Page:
• Plucky Girl: She will stop at absolutely nothing in her quest to find Glenn following the fall of the prison. She's at it again in Season 6 when Glenn goes missing.
  • Pregnant Badass: Although she's trying to reserve herself to the sidelines, Maggie retains her status as a badass during her pregnancy. Ask Paula, Molly and Chelle. After spending a season on the sidelines, she personally leads a group of Hilltop citizens into the massive firefight against the Saviors in the season 7 finale.
  • Promotion to Opening Titles: Beginning in Season 3.
  • Promotion to Parent: Helps take care of Lori's baby after her death in Season 3.
  • Put on a Bus: During the six-year Time Skip in Season 9, Maggie leaves with Hershel to help Georgie build up a distant community.
  • Reasonable Authority Figure: She's a kind, compassionate and protective leader once she takes up command of Hilltop.
  • Red Oni, Blue Oni: Tends to generate this kind of dynamic when interacting with either Glenn or Beth, acting as the passionate, impulsive red to her husband's or sister's blue.
  • Relationship Upgrade: She and Glenn officially enter their relationship at the end of Season 2 when they have both professed their love for each other.
  • Religious Bruiser: Not as much as her dad, but she's a bonafide devoted Christian and ass kicker. She loses the religious side of this in Season 5 after the loss of her entire family, but regains it in the season finale.
  • Sexy Secretary: Becomes Deanna Monroe's assistant in Alexandria.
  • Shameful Strip: Forced to do this in Season 3 by the Governor.
  • Single Woman Seeks Good Man: After they have sex a few times, Maggie ultimately falls in love with Glenn because of his kind heart and big brain. When Glenn asks if she would have noticed him if they weren't in an apocalypse, Maggie says that yes, and that she's always had a thing for nice men.
  • Sole Survivor: She is the last remaining member of the Greene family as of Season 5. It's compounded when her husband Glenn is murdered by Negan in Season 7.
  • Statuesque Stunner: Stands 5'8 and is good looking.
  • Token Religious Teammate: After her father dies, her sister gets abducted and killed and Gabriel undergoing a Sanity Slippage induced Face–Heel Turn, Maggie becomes the true religious voice of the group until she moves to Hilltop.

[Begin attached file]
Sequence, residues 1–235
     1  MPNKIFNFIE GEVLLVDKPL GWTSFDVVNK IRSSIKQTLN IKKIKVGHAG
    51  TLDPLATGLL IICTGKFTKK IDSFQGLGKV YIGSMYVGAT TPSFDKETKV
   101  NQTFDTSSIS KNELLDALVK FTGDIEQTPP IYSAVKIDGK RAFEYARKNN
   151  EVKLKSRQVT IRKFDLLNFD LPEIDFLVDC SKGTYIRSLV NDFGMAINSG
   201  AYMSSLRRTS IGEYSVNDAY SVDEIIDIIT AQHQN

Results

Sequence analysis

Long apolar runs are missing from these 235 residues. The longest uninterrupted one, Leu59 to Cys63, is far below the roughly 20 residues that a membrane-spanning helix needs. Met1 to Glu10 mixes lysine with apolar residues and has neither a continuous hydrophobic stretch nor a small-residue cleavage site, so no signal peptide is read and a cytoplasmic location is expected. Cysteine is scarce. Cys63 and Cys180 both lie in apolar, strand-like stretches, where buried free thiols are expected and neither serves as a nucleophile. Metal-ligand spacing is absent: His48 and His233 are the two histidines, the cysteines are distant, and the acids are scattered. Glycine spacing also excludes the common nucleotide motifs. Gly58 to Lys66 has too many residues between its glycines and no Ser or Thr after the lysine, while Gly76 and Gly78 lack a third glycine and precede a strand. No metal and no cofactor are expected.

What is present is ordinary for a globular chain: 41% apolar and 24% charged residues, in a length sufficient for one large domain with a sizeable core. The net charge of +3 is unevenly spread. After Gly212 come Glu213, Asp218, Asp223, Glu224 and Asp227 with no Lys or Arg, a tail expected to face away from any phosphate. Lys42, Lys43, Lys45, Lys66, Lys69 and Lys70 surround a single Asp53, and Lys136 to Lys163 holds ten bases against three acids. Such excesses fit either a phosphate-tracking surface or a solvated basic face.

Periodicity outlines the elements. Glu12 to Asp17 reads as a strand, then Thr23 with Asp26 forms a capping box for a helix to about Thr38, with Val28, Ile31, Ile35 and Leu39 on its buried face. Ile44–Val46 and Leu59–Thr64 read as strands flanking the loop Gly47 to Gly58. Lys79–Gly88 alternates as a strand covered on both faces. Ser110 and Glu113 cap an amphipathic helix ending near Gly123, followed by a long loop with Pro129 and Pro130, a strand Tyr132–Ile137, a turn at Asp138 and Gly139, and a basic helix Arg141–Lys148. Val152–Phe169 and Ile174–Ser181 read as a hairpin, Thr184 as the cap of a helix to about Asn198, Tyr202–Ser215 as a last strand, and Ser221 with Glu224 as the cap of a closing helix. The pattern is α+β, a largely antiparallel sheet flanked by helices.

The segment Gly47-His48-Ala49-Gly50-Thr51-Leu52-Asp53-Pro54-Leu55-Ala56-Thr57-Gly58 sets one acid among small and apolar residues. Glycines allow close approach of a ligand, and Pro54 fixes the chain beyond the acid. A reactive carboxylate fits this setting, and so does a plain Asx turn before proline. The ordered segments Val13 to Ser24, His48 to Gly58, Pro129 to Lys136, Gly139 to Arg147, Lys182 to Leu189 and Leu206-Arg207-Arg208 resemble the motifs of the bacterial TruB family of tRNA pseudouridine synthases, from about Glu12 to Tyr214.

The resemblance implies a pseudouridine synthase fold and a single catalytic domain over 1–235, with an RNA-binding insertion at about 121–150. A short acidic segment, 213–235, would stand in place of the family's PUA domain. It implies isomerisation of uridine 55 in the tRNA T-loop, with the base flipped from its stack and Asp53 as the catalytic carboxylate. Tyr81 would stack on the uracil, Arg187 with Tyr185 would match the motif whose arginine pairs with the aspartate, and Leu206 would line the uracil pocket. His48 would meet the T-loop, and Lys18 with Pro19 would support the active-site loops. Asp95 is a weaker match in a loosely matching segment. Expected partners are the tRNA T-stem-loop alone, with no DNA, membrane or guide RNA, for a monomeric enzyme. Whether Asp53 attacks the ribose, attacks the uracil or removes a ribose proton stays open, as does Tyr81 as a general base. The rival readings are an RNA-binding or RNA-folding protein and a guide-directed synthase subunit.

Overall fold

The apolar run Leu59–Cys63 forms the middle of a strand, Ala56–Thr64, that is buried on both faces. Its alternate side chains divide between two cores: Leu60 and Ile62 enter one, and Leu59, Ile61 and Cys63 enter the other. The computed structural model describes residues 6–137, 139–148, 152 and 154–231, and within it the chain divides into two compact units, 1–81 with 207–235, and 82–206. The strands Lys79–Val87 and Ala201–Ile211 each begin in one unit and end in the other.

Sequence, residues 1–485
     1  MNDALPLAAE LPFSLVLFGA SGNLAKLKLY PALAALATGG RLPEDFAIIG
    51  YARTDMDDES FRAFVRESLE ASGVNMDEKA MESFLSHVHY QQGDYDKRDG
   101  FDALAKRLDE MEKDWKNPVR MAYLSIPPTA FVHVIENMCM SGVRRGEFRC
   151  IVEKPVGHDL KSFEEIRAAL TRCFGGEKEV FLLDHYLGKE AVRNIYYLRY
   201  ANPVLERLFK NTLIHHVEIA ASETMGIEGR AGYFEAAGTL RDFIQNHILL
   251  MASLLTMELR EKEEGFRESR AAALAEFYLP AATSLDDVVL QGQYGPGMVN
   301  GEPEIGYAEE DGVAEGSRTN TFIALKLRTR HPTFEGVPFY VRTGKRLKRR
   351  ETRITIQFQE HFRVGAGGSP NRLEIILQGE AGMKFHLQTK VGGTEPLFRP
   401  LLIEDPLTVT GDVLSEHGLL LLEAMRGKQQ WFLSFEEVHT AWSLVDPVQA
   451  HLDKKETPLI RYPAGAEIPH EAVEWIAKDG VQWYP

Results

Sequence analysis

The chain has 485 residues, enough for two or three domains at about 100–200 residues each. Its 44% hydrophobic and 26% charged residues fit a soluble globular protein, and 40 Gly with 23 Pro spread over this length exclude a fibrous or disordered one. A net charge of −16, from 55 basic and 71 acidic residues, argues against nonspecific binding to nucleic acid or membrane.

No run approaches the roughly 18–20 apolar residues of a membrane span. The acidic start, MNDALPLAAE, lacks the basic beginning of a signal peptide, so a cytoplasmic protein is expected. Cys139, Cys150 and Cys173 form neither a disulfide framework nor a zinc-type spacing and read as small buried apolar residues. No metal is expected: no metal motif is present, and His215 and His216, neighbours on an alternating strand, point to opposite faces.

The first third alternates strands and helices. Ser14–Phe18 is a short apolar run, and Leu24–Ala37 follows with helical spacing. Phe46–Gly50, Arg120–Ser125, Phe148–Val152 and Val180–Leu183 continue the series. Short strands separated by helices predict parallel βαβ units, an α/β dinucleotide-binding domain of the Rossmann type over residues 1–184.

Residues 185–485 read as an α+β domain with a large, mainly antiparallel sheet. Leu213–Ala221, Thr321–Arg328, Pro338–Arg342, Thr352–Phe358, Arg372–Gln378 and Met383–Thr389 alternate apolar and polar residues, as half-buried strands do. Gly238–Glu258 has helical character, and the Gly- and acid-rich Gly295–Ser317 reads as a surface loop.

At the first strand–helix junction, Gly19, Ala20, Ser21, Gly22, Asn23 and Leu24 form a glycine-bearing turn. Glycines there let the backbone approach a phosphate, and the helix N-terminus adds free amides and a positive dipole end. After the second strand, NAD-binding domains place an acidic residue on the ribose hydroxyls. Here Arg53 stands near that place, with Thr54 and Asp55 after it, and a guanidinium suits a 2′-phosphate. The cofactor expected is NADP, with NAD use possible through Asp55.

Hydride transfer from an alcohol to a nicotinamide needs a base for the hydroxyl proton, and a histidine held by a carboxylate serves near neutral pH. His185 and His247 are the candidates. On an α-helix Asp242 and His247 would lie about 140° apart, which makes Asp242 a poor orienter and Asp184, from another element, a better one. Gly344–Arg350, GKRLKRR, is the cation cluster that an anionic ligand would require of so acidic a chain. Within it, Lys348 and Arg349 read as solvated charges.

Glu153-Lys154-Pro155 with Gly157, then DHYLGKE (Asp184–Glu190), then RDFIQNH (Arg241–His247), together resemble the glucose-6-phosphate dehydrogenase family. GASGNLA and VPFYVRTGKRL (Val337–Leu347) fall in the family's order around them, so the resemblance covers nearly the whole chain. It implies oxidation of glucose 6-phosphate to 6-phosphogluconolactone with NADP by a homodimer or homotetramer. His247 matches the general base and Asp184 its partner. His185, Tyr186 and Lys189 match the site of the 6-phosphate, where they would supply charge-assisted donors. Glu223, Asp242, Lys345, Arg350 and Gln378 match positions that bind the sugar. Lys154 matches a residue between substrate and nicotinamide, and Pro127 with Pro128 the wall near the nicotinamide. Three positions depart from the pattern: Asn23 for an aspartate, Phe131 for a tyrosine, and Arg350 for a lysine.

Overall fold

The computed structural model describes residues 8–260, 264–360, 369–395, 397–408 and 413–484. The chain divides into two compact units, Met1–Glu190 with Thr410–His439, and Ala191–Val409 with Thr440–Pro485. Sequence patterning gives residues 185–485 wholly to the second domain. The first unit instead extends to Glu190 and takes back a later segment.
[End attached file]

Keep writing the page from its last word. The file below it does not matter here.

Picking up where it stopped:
• Token White: In the trio with Bob and Sasha in the latter half of Season 4.
  • Tomboy and Girly Girl: The tomboy to Beth's girly girl.
  • Toplessness from the Back: In "Cherokee Rose".
  • Trauma Conga Line: Where to begin? Maggie has what is easily one of the most hellish tenures on the show in terms of losing those closest to her, rivaled only by Rick and Carol. She loses her mother and brother early on to the walker virus, followed by family friends Otis, Patricia and Jimmy; then her sister Beth and father Hershel die within weeks of each other. A few months later, her husband Glenn is brutally murdered in front of her, her best friend Sasha dies in the conflict with the Saviors, and to add insult to injury, Rick and Michonne choose to spare Negan, the man who killed Glenn. While Maggie does get some semblance of closure regarding Glenn's death, as well as give birth to her late husband's child, due to being Put on a Bus she is currently unaware of the deaths of Jesus, Enid and Tara, all of whom were close friends of hers.
  • What the Hell, Hero?:
    • By the look on her face in "Spend", she is hurt when Gabriel tells Deanna to not trust Rick's group and kick them out of Alexandria.
    • "What Comes After" sees Maggie (rightfully) scathingly dress down Michonne for disregarding her feelings about Negan and her loss of Glenn, and points out how hypocritical Michonne is being because of the fact that Michonne would've killed Negan if Negan had killed Rick.
  • When She Smiles: Even after losing so many of her loved ones, Maggie has a radiant, beautiful smile that when seen will help give people hope for the future again.
  • Widow Woman: As of Season 7.
  • Yank the Dog's Chain: A particularly cruel example. After the prison fell, Maggie operated under the mindset that Beth was dead during the second half of Season 4. In the episode from Season 5 "Coda" as she, Glenn and Abe return from their failed trip to DC, she is informed that they have a lead on where Beth is to her shock and delight. It is taken away from her when she arrives at the hospital where Beth is at to see Daryl carrying Beth's dead body in his arms. At which point Maggie drops to the ground and starts crying.
  • You Are in Command Now: Jesus grooms her to become the new leader of Hilltop to replace the cowardly, incompetent Gregory in Season 7, and she officially takes the mantle in the season finale.